o Remember the disciples on the road to Emmaeus who were puzzled by first half of the pattern: “We thought He was the Messiah, but then He died!” [X < 0 on the graph]. Jesus caught up with them in Luke 24:26 and asked, “Ought not the Christ to have suffered these things and to enter into His glory?” (NKJV) If that is the pattern Christ had to experience, then we his followers should expect the same pattern in our lives.
o James 4:6-10 But He gives more grace. Therefore He says: "GOD RESISTS THE PROUD, BUT GIVES GRACE TO THE HUMBLE." Therefore submit to God. Resist the devil and he will flee from you. Draw near to God and He will draw near to you. Cleanse your hands, you sinners; and purify your hearts, you double-minded. Lament and mourn and weep! Let your laughter be turned to mourning and your joy to gloom. Humble yourselves in the sight of the Lord, and He will lift you up. (NKJV)
· He shall exalt you in “due/proper/appointed time.” The Greek word for “time” here is kairos, a specialized word which denotes “the time at which people meet” or “when a planned event comes off.”
o The timing of your exaltation is calculated by a personal God. God has a time in mind that He wants to lift you up and give you special treatment.
o The sooner you repent of your pride and let God humble you, the sooner He can get on with His plan to exalt you!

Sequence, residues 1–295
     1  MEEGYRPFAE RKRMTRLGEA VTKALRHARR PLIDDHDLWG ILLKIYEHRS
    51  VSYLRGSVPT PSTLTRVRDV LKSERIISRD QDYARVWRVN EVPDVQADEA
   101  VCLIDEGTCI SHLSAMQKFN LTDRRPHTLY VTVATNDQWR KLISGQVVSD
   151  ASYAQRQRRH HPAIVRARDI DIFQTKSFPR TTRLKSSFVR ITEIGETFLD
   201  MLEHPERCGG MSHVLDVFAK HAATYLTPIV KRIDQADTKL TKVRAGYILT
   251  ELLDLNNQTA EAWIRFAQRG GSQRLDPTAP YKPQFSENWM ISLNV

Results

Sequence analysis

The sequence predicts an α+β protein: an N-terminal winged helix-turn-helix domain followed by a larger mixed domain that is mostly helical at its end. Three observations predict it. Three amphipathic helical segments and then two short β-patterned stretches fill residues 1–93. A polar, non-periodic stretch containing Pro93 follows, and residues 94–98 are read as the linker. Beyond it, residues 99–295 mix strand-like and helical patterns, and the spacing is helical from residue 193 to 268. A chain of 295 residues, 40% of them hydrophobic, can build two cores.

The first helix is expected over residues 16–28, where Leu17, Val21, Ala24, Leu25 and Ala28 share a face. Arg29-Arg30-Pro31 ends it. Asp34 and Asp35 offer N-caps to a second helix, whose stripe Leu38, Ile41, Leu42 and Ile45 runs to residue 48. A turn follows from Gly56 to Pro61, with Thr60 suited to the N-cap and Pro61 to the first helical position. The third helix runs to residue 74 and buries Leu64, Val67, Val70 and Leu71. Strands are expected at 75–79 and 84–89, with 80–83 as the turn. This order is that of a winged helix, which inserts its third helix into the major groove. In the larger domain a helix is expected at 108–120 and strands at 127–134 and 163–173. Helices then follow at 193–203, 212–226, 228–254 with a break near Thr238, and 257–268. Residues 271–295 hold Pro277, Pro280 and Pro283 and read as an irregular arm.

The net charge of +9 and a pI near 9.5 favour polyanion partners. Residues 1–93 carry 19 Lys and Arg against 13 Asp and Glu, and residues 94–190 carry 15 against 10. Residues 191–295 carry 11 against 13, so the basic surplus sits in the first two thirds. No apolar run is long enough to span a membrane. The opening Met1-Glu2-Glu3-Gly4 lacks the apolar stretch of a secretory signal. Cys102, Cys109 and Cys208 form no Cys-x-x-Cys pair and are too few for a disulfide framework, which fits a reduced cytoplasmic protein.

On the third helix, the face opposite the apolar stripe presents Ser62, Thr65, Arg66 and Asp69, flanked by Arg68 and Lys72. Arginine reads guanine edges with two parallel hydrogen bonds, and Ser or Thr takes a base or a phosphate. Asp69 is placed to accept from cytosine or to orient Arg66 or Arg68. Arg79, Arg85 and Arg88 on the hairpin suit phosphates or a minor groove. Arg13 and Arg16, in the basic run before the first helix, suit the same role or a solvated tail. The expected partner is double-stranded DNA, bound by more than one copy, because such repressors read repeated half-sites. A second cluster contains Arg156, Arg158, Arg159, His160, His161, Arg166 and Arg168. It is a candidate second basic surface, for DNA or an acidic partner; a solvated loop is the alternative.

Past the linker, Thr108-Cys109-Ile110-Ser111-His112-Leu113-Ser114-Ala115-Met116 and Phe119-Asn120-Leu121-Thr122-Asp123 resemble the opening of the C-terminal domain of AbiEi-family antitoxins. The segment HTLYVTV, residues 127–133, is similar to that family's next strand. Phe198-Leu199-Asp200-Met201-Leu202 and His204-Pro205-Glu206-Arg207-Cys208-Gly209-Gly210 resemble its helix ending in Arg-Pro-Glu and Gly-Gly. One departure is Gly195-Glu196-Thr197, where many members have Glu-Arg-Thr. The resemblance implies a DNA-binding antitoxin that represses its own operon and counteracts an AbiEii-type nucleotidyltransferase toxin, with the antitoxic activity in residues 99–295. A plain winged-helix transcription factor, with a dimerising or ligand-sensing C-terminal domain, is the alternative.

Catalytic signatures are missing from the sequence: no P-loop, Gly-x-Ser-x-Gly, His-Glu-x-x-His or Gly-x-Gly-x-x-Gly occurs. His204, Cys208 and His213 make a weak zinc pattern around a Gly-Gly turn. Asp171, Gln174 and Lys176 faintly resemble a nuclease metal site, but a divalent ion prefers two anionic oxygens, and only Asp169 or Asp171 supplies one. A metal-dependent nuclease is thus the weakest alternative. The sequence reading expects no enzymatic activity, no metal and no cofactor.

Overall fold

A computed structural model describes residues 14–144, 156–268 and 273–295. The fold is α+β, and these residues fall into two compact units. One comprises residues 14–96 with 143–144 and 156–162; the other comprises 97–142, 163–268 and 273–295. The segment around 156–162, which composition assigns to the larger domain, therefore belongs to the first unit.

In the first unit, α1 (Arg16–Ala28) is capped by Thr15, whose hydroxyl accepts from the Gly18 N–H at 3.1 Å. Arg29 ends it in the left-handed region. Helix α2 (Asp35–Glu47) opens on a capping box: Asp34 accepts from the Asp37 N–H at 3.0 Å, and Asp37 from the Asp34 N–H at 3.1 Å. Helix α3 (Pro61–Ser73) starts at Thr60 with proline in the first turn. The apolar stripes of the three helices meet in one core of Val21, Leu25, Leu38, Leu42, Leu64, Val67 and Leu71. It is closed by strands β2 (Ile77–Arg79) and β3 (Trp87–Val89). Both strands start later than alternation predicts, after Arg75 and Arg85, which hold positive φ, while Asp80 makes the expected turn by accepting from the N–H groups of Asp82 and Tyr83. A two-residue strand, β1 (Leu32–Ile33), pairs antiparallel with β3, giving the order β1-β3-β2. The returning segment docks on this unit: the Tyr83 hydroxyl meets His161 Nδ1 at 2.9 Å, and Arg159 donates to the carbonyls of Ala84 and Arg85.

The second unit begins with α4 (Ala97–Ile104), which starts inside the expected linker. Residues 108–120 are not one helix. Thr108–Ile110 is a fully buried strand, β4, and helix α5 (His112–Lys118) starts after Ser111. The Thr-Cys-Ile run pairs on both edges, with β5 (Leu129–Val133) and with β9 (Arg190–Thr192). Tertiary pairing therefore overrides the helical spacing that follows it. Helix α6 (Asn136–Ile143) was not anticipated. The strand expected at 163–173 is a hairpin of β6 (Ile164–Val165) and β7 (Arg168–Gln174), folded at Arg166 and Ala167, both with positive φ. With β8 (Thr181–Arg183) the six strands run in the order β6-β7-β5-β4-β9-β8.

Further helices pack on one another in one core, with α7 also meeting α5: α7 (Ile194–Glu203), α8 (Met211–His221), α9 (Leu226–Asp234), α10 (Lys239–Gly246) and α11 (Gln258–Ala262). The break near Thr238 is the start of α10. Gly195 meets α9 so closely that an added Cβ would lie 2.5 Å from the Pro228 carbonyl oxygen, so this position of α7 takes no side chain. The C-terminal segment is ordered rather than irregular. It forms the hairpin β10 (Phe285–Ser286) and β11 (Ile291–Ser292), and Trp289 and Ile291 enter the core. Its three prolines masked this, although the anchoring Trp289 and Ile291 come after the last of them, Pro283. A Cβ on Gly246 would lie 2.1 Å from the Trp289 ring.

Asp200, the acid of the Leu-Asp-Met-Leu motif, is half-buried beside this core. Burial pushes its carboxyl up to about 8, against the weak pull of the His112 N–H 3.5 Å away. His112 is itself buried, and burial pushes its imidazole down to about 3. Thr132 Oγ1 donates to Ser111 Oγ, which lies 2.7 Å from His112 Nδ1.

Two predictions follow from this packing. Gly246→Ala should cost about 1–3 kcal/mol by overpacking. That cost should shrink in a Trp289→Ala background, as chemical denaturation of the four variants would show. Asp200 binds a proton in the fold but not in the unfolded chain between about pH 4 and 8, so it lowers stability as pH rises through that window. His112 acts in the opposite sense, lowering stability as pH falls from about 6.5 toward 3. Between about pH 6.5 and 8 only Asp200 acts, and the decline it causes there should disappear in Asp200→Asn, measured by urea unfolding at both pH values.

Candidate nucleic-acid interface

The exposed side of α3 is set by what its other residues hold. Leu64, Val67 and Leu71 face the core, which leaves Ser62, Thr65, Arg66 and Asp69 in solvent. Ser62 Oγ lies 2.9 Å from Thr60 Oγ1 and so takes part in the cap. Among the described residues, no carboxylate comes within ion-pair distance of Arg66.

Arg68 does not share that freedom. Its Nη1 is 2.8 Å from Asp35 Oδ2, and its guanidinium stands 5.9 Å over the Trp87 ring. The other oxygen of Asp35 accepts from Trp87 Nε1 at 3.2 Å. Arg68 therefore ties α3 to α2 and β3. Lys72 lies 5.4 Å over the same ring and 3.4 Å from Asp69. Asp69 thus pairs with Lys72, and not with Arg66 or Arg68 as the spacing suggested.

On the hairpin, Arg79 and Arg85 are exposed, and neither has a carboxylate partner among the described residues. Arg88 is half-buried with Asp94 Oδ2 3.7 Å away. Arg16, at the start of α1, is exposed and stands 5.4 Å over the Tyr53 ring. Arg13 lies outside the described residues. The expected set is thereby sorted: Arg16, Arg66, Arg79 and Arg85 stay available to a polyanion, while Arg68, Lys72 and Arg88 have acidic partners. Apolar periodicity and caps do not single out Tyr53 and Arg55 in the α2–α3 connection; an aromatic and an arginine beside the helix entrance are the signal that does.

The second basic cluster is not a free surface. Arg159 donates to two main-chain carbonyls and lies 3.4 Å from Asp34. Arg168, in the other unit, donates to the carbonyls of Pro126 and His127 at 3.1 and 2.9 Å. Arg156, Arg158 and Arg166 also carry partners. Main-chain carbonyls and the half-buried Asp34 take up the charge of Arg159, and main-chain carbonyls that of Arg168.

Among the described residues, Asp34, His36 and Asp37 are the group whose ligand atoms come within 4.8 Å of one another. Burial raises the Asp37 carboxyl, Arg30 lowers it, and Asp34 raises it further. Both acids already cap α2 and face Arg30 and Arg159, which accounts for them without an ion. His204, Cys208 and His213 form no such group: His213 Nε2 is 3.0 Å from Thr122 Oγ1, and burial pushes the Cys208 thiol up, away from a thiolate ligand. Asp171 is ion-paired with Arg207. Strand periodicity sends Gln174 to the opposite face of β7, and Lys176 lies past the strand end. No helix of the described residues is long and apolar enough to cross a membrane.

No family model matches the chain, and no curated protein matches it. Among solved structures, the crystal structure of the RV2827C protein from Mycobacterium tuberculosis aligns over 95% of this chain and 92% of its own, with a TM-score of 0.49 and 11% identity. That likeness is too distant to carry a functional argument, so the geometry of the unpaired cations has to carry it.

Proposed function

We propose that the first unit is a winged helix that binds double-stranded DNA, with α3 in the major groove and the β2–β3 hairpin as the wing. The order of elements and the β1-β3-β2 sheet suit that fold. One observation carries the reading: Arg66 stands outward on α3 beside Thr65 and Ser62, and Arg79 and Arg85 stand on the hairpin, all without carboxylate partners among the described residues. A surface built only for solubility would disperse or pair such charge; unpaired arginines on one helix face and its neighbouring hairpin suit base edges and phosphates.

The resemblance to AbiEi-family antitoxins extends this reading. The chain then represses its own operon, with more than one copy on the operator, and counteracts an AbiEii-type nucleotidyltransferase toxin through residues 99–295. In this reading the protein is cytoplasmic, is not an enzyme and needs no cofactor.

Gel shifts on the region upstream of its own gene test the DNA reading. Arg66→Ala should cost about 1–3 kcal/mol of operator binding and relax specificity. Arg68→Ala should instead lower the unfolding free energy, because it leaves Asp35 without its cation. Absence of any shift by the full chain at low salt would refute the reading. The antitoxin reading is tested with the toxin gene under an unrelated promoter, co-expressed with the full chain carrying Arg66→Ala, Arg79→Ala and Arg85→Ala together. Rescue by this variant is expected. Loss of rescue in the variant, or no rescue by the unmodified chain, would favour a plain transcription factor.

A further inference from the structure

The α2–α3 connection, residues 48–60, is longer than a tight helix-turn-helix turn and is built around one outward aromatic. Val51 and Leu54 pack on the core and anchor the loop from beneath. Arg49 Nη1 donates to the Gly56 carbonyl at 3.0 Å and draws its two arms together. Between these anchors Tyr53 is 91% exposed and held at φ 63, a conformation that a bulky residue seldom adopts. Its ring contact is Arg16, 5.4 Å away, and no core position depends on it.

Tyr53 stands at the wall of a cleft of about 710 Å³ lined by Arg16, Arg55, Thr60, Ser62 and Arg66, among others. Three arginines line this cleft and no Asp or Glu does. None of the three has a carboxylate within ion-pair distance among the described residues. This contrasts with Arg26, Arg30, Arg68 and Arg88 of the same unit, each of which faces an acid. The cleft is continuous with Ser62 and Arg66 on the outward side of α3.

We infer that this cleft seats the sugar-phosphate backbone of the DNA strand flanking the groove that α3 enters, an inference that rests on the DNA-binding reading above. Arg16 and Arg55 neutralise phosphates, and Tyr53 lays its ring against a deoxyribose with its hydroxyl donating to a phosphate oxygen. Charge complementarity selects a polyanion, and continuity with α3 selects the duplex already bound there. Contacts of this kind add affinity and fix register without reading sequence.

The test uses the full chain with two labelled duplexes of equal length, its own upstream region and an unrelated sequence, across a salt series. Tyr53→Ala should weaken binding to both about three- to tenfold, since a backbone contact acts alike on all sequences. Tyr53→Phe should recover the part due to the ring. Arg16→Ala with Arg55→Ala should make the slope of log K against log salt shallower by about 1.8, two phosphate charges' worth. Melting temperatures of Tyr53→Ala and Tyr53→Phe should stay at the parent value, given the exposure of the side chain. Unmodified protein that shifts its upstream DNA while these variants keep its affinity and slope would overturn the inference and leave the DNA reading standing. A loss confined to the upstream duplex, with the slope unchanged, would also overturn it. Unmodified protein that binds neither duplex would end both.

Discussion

· Now, what are we to do while we are experiencing the low point of humiliation and submitting under the mighty hand of God?
· Peter seems to be quoting from the Septuagint Greek of Psalm 55:22, the context of which again is righteous people being persecuted by wicked people: “Cast your care upon the Lord, and he will sustain you; He will never allow the righteous to be shaken. God will bring them [the wicked] down to the pit of destruction...” (NAW from LXX)
· Peter changes the imperative in the Psalm into an aorist participle, implying that it’s only after you have “cast/tossed/pitched your cares onto Him” that God “will exalt you.”
· We ran into this word “care/anxiety” back in the Gospel of Matthew
o chapter 13 in the Parable of the Sower, where the seed that was choked out by the weeds representing the cares of this world.
o The verbal form of this word merimna showed up before that in Matthew 6:25 “...stop caring [so much] about your life (What might you eat? and What might you drink?) and about your body (How might you clothe yourselves?)... 33 But continue seeking first the kingdom of God and His righteousness, and all these things will be added onto you. 34 Therefore don’t start caring [too much] concerning tomorrow, for tomorrow will care for itself.” (NAW)